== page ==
Eventually you can start adding details to the individual workouts. So a hard aerobic/endurance day might be three hours of a hard-but-sustainable pace. A hard anaerobic day would be a 90-minute ride with eight repetitions of 5-minute anaerobic efforts with five minutes in between each rep.

Rest is very important, since resting is when the body recuperates and strengthens itself for increased training loads. This can include recovery days, where you ride at a very easy, very slow pace. This helps clear lactic acid built up from prior training. You could also have a rest day, too, which is completely staying off the bike altogether.

The previous styles of training are reasonable options for people that have traditional ideas of in-season and out-of season thinking, like in most high school sports. This means that you might do some activities that don't let you get out of shape but you're not spending the whole year training for just one sport. These styles of training plans are intended for more short-term fitness gains, in terms of increasing your fitness (because of plateauing), but a are quite convenient and much easier to apply and create a plan for.


Finally, we arrive at periodization style training plans. These are often quite complicated compared to other training plan styles and take considerably more time to plan and develop, but they offer up better increases in fitness. With periodization, you vary training loads over longer periods of time to minimize plateauing and achieve more consistent growth in overall fitness. This is like piecing together a puzzle, as every day gets planned out individually and in detail.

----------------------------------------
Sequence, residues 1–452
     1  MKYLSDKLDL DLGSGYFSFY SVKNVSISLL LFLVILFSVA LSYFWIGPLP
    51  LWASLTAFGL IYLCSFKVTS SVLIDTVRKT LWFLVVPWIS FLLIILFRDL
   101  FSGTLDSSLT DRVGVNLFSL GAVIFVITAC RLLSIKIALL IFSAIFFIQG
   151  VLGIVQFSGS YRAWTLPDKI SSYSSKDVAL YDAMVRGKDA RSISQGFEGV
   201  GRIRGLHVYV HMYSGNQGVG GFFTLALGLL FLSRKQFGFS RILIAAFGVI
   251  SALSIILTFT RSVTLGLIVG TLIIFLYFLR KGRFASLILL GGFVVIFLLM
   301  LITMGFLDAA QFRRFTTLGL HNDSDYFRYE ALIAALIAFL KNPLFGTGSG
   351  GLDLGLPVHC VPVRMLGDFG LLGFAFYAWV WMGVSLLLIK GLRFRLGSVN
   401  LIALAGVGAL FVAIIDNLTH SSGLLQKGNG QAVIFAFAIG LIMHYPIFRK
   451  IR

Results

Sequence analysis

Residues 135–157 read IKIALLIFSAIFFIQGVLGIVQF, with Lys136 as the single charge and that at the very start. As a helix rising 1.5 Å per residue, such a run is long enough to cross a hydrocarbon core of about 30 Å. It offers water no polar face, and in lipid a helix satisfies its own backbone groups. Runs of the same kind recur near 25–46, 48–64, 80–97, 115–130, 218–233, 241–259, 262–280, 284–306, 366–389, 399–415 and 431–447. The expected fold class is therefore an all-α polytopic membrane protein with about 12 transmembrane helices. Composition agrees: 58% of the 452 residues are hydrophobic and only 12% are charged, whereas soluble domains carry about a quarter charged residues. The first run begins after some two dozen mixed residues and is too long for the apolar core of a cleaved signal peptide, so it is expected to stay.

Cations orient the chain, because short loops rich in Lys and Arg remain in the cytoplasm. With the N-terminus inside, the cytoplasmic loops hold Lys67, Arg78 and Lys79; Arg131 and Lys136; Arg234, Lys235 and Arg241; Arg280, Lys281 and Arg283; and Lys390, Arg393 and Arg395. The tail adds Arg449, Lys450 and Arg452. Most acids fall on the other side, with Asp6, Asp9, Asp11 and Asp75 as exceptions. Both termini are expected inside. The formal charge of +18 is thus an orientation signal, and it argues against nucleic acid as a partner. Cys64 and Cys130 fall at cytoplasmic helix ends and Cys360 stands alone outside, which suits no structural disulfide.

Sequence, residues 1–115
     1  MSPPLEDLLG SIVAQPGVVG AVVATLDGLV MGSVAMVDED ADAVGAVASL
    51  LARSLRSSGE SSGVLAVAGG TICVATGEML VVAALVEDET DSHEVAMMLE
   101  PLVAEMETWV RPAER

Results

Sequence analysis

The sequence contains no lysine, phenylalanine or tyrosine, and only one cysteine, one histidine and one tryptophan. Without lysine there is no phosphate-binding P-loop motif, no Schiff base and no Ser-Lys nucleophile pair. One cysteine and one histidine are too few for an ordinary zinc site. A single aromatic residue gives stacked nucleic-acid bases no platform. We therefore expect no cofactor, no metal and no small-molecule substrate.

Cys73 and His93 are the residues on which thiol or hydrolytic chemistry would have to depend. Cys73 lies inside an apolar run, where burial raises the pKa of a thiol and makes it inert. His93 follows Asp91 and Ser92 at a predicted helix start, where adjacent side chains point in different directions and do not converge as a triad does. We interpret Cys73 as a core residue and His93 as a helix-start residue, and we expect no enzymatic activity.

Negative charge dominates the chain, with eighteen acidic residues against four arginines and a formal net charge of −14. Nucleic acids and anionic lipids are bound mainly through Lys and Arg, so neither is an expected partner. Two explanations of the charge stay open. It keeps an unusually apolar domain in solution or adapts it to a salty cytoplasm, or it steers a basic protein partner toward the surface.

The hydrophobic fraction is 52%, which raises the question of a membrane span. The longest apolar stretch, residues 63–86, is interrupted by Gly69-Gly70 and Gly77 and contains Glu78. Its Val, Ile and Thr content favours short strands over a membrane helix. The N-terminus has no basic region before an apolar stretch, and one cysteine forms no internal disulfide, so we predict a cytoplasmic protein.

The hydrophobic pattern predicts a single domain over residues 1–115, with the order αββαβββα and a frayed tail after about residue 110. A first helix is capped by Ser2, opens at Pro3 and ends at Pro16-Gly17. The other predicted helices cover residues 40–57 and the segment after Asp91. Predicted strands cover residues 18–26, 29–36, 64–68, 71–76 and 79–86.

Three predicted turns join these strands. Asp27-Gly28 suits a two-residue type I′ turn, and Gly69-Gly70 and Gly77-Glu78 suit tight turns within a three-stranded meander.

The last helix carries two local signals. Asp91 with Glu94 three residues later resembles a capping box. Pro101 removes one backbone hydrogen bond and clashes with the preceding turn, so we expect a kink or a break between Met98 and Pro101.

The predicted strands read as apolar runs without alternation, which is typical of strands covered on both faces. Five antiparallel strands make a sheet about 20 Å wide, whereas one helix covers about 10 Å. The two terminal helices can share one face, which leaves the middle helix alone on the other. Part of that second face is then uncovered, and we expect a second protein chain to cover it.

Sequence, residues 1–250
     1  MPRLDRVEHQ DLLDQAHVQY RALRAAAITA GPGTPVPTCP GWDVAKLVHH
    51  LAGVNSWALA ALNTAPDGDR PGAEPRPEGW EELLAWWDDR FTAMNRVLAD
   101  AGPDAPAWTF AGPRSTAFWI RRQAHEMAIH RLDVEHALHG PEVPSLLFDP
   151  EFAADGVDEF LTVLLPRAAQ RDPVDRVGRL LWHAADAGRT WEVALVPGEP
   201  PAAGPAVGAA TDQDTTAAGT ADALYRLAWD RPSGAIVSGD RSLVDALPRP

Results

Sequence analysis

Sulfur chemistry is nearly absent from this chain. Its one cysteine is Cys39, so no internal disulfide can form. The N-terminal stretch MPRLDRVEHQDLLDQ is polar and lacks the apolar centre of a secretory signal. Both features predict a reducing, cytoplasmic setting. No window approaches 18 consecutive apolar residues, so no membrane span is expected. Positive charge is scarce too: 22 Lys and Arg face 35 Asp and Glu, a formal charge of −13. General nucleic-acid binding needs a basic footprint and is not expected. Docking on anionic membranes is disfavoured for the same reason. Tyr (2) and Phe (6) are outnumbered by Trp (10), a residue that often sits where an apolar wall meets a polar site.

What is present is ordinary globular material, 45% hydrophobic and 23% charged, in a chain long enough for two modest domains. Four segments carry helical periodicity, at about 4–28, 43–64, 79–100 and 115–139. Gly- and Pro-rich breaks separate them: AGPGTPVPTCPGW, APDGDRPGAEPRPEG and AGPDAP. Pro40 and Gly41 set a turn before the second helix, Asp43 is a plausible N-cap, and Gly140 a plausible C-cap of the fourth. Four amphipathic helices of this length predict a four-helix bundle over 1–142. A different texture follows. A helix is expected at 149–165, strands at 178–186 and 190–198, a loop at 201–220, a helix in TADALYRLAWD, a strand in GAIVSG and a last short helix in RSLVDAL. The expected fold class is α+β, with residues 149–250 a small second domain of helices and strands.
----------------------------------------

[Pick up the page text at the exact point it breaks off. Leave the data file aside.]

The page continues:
This concept is pretty complex and more difficult to set up; even if you've done it a few times it still takes a fair amount of time just because there's more to consider. There's a full book about it written by Joel Friel, called The Cyclist's Training Bible. I recommend reading the book if you want a firm understanding of periodization training for cycling, but I'll cover the basics.

Periodization is separated into different training phases, and some of the phases are even split into different levels. I'll try to keep it simple and just keep to the bigger phase designations.

A typical phase duration (period) is three to four weeks (depending on how quickly you fatigue and recover), with two to three weeks of hard training, and then one rest/recovery week. I will use 4-week periods below, as that is most common.

The Base Phase

The base phase is when you establish a strong aerobic engine. This phase is ideally three periods (12 weeks) long. This is the go-to phase for the off-season, as it creates the least amount of long-term fatigue. You may include some anaerobic training, but the vast majority of riding should be in the aerobic training zone.

The Build Phase